Climate Change: The Impacts

Prior to March of this year my understanding of the both the wide and intense impact of climate change was elementary at best. Oh, I knew that climate change is eventually detrimental to the planet… what an understatement! I knew people die from heat waves, glaciers melt, oceans rise, and droughts occur, but that was about it. All that, of course is bad enough, but I finally learned that the impacts are even greater than this when I finally decided to dig deeper through a reading of David Wells-Wallace’s The Uninhabitable Earth. Life After Warming. That launched a whole new perspective and a lot more reading to attempt to “catch up.”

I’ll just mention one more: Climate Change and the Health of Nations. Famines, Fevers, and the Fate of Populations by Anthony J. McMichael, leading health scientist with the United Nation’s Intergovernmental Panel on Climate Change (IPCC). By the way, I had been writing articles for numerous Christian publications for some 15 years on the biblical foundations of creation but simply was not dutifully informed of the gravity of the planet’s current and upcoming state. So, what are the impacts of climate change?

One more caveat is necessary before pursuing our list of impacts. Yes, our planet has undergone a number of cycles of warming and cooling, usually taking millions of years. The current cycle, however, began just 200 years ago with the rise of the industrial revolution, much of that increase within just the last 30 years and rapidly approaching levels that, in the past, resulted in global extinctions. 

Let’s begin our list of climate change impacts…


Currently our planet has already lost 50% of the vertebral animal population, this loss has occurred in the last 40 years. There are many reasons for that but the major one is simply all animal life depends on a food chain that begins with water and land-based micro-organisms much more sensitive to warming and cooling than larger animals. Consider, for instance, the loss of 75% of the planet’s insects in just the last 20 years. While roaches and mosquitos are a nuisance to much of the human population, pollicization of flowers and consequently the crops we consume, depend on them. And we haven’t even spoken of future projection of the loss of biodiversity. By 2050 possibly one million species may be extinct. By then, there will be more plastic in the oceans than fish.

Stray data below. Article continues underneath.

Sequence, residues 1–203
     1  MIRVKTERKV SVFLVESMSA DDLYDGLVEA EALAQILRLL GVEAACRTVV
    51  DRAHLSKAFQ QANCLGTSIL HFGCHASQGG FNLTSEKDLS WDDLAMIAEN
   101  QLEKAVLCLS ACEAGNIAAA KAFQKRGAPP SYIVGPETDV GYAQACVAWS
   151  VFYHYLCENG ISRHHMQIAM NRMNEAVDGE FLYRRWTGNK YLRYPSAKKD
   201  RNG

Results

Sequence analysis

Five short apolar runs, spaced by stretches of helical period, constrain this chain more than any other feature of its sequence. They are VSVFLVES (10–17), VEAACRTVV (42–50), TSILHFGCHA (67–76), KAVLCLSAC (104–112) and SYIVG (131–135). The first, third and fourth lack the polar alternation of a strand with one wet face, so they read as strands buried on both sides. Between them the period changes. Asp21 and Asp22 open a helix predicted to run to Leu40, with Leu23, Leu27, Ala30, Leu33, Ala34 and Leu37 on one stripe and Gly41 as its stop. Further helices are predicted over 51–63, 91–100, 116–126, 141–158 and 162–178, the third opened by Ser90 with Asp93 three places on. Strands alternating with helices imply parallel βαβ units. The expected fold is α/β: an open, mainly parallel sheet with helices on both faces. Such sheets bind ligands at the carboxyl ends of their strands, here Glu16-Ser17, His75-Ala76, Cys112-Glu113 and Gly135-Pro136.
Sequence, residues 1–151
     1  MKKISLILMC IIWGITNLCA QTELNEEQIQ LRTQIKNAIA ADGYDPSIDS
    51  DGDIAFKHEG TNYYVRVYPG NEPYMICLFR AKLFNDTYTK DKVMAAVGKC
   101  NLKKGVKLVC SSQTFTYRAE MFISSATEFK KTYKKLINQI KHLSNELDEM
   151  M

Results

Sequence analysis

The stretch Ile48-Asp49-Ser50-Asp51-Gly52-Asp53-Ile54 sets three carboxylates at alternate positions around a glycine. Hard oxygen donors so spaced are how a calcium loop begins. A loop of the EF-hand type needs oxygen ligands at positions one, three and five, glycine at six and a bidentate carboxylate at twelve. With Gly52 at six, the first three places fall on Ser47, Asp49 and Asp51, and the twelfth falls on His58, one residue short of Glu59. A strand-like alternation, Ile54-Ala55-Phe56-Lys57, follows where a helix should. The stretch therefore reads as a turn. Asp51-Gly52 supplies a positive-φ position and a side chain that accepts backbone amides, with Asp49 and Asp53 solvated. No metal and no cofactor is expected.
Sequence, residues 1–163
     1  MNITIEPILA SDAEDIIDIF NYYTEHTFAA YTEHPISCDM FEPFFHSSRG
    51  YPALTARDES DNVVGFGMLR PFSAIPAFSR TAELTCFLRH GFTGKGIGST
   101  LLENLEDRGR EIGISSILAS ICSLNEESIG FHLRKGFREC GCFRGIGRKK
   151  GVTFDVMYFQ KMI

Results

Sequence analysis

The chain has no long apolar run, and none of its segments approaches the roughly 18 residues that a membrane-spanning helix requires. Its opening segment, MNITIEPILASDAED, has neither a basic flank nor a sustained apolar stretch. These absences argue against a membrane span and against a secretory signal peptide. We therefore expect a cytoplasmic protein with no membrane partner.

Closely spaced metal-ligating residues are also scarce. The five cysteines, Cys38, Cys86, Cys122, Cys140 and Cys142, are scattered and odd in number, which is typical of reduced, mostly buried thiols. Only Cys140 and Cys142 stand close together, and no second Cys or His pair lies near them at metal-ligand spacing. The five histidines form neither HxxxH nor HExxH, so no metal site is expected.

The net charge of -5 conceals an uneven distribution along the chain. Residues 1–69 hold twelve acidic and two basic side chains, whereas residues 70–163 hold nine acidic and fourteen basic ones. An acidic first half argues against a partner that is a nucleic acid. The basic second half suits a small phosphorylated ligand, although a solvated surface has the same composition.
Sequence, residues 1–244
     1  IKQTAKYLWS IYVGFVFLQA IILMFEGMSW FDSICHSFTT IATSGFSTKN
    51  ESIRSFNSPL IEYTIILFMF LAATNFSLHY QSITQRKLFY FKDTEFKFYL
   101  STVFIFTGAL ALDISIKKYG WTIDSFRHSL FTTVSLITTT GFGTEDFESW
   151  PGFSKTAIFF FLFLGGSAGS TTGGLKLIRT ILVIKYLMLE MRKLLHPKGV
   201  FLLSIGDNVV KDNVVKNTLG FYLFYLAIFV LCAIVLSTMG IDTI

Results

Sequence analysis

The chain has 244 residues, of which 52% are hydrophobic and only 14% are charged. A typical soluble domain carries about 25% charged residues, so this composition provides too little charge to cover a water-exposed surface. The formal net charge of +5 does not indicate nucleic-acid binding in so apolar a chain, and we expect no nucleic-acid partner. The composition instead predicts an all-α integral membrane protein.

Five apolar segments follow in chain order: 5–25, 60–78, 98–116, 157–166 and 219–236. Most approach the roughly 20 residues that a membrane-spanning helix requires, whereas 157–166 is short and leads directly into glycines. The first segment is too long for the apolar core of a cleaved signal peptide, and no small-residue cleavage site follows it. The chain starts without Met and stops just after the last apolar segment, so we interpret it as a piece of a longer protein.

One factor, not the only one, leading to the emergence of one million Syrian refugees since 2011 is the loss of crops due to a drought that was the consequence of climate change. Foreseen floods in Bangladesh will probably produce 10 times that number of climate refugees. The World Bank predicts refugees will number 140 million by 2050. The United Nations ups that estimate to 200 million (some say a billion) and their predictions are notoriously conservative.


Since 1980, Earth has already experienced 50-fold increase in the number of heatwaves. The five hottest summers in Europe since 1500 have all occurred since 2002. Currently there are 354 major cities with median maximum temperatures of 350 C or greater. By 2050 there will be 970 such cities exposed to fatal heatwaves.

Flooding and Fires

The frequency and intensity of hurricanes and monsoons continues to increase. In August and September of 2017 three major hurricanes emerged from the Atlantic Ocean and each one was labeled an event that occurs once in every 500,00 years. 2019 already broke former records in hurricane intensity and consequential destruction with two category 5 hurricanes. Flooding has increased 4 times since 1980 and twice more since 2002. Sea levels will 0.30-1.20 meters by the end of the century. And the Amazonia fires were 77% worse than last year. 


Scientists have calculated that for every degree of global warming crop production drops by 10%. If the planet reaches the predicted increase of at least 4 degrees by the end of the century, food production will decrease by 40% when the population will have increased by 50%. Solution? Better technology and land for food production? The latter is especially difficult as former arable soil becomes desert and a move to more moderate climates will mean a move also to less fertile areas. Better technology? That is always our hope. However, the greatest advances in seeding occurred in the 1940’s…

Conflicts and Wars

An interesting calculation by the United Nations: for every half degree of global warming, armed conflict increases by 10-20%. If that increase is another 3 degrees by the end of the century, armed conflict is predicted to increase by another 60+%.

Hopefully, even this brief list is enough to change all sectors of society, our homes, neighborhoods, and local, regional, national and international governmental organizations to take action. Although it may not be apparent, the church too, plays a vital role. That is certainly Paul’s perspective in Romans 8:18-25. The “liberation of creation” from its “decay” is intimately connected to the people of God who are to be the first to undertake the fundamental human task of taking care of God’s creation. These actions include mitigating the effects of climate change via actions that reduce and limit greenhouse gases; adapting to the environment through reforestation, water treatment and purification; and finally, local and international governmental agreements. The task no doubt is huge. But it is important that each one us, as a vital expression of our commitment to follow Jesus, prayerfully and firmly begin to make changes.